From Tim Whitmarsh
There has never been a more important time to be a humanist; to make our voices heard. The standoff between secularism and religion is becoming increasingly entrenched – and thanks in large part to the echo-chamber of social media, increasingly reduced to facile but powerful identity politics. Political parties in Europe, Turkey, Australia and the Americas risk the secular foundations of modern politics when they play the demographic game and go off in search of the religious vote.
But for all its urgency now, there is a long story to tell about atheism too. I’m a historian of Greco-Roman antiquity, of a polytheistic culture that was squashed in the fifth century AD (or CE, as many of us prefer to say) when the Roman Empire adopted Christianity and forcibly outlawed its alternatives. Today I want to convince you that it matters – and in particular it matters now – to think about the deeper history of secular ideals.
All of the arguments used today against the existence of gods were first raised by the philosophers of ancient Greece. All of them: from the problem of evil (how can a just god permit suffering?) through the omnipotence paradox (could an all-powerful god create an unliftable stone?) to the idea of religion as a human social construct designed to repress dissent. They had some wackier arguments too, which I’ll save for discussion at the bar this evening. But the crucial point is this. Our modern word ‘atheist’ comes from the Greek atheos, meaning ‘without god’; and with the word comes our entire sense of what it is to be independently-minded, critical, questioning of religious dogma. Take, for example, the most famous Greek philosopher of all, Socrates, who was executed in 399 BCE for ‘not believing in the gods of the city’ and ‘corrupting the young’. His motto was that ‘the unexamined life is not worth living’, and he insisted that all society’s values, ideologies and beliefs had to be justified rationally; if they couldn’t be, then they weren’t worth following.
The Greeks also came up with the idea of the material, atomic basis for human life. The word ‘atom’ is Greek in origin (it means ‘indivisible’), and was apparently coined during the scientific revolutions of the fifth century BCE. Leucippus and Democritus (Nietzsche’s favourite ancient philosopher) argued, as Epicurus would do later, for the atomic basis of all existence – one of the four fundamental scientific principles that Brian Cox relayed to John Humphreys on the Today Programme earlier this week.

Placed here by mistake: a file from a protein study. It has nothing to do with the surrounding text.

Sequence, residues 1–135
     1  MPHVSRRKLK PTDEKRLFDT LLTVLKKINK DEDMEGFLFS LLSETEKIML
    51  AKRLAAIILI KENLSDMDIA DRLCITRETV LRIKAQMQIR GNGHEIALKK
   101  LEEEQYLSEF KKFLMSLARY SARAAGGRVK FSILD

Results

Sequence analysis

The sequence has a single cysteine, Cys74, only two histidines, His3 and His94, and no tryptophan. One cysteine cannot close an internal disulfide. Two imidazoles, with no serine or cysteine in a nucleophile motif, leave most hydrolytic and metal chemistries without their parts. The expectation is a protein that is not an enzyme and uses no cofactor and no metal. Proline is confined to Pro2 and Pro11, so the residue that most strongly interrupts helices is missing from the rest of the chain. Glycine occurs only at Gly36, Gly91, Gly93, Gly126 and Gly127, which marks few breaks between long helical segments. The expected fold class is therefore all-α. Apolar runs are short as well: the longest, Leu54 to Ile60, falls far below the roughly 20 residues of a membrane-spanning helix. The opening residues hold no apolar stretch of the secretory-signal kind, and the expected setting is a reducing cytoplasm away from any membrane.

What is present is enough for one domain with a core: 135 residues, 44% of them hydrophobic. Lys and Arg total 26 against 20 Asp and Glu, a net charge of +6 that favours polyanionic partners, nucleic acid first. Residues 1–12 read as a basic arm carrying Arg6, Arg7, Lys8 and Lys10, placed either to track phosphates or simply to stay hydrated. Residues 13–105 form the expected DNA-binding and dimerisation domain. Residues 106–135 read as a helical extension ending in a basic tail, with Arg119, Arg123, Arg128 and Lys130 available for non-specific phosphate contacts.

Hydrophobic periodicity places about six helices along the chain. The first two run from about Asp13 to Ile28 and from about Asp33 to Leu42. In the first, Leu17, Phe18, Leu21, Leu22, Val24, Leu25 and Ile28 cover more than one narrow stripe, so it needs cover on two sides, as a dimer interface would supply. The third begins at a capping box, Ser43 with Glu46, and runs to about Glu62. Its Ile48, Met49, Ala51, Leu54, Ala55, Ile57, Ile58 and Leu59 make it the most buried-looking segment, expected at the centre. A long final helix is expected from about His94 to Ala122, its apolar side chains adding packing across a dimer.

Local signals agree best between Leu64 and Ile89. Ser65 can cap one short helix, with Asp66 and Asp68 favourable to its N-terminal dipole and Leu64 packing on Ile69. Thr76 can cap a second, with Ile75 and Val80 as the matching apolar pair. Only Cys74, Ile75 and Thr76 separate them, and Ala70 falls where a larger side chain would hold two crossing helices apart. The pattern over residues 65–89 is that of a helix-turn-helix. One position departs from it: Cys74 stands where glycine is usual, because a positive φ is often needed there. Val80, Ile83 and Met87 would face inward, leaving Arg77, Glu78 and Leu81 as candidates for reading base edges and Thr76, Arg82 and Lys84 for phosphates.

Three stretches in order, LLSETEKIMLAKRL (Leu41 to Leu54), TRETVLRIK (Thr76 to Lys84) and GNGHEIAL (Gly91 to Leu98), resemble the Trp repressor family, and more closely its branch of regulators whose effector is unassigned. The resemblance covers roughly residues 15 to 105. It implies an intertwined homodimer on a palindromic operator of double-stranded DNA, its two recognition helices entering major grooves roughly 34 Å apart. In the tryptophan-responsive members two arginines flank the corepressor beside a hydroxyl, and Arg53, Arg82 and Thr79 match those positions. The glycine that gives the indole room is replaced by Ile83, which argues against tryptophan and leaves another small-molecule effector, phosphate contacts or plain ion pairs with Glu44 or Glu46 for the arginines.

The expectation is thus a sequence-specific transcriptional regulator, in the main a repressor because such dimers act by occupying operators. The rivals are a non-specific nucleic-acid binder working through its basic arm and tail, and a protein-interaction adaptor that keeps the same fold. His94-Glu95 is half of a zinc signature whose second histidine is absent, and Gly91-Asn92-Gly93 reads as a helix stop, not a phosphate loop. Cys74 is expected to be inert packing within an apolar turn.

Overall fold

Now, atheism wasn’t always uncontroversial in antiquity: I’ve already mentioned the execution of Socrates for not believing in the city’s gods, although that is an isolated case in extreme circumstances (Athens had just got rid of a brutal military dictatorship, and Socrates had been closely associated with some of its leading lights). Even so, for most of the time in Greco-Roman antiquity up until the time when the Roman Empire converted Christianity, atheism simply was not problematic. To be sceptical about the existence of gods was, for many, part and parcel of being an enquiring human being. Take Pliny the Elder, for example. This is Pliny the Roman military and naval commander, best known for dying in Naples bay as a result of the eruption of Vesuvius in AD 79 (his nephew, Pliny the Younger, recorded the event). Pliny was no left-field radical; in fact you couldn’t get much more ‘establishment’ than him. In his Natural History, however, he promoted a materialist view of the world as united by a single, all-pervasive cosmic nature. This, he argued, might be called god, but it didn’t in fact matter what you called it since it was not a sentient being. ‘I think of it as a sign of human imbecility to try to find out the shape and form of a god … Whoever “god” is – if in fact he exists at all – he consists in pure sense, sight, sound, soul, mind: he is purely himself’. The idea that of an anthropomorphic deity (that’s to say, a god that thinks or acts like a human), Pliny goes on to say, is pure absurdity. We don’t need gods to have human morality, he says: (this is one of my favourite quotations from antiquity) ‘God is one mortal helping another’. We make our own divinity through our behaviour towards others.
It is, I think, no exaggeration to say that we owe our modern sense of atheism to the Greeks and the Romans: it was the rediscovery of the ancient secular-humanist tradition in the renaissance and the enlightenment that was instrumental in the making of modern humanism. When Voltaire wanted to criticise Frederick the Great’s religious policy, he sent him a single line of Lucretius’ poem about Epicurean thought: tantum religio potuit suadere malorum, ‘that’s how much damage religion can do’. The Greco-Roman philosophical heritage is our heritage as humanists, as much as the Bible is for Jews and Christians and the Qur’an is for Muslims.
But I’m not here today to give you another lecture on how great the Greeks and the Romans were, and how they invented everything. What I want to explore is the question of why this culture was so open to the idea of atheism. What were the aspects of ancient Greek society that facilitated this intellectual freedom? How did they manage to experiment with radical ideas without being bludgeoned of state religion? It’s by asking that kind of question, I think, that we get the full value out of ancient history. I want to argue in the course of this talk that there are aspects of ancient society that help us better understand the nature of the problems facing us today – and may even point towards the solutions.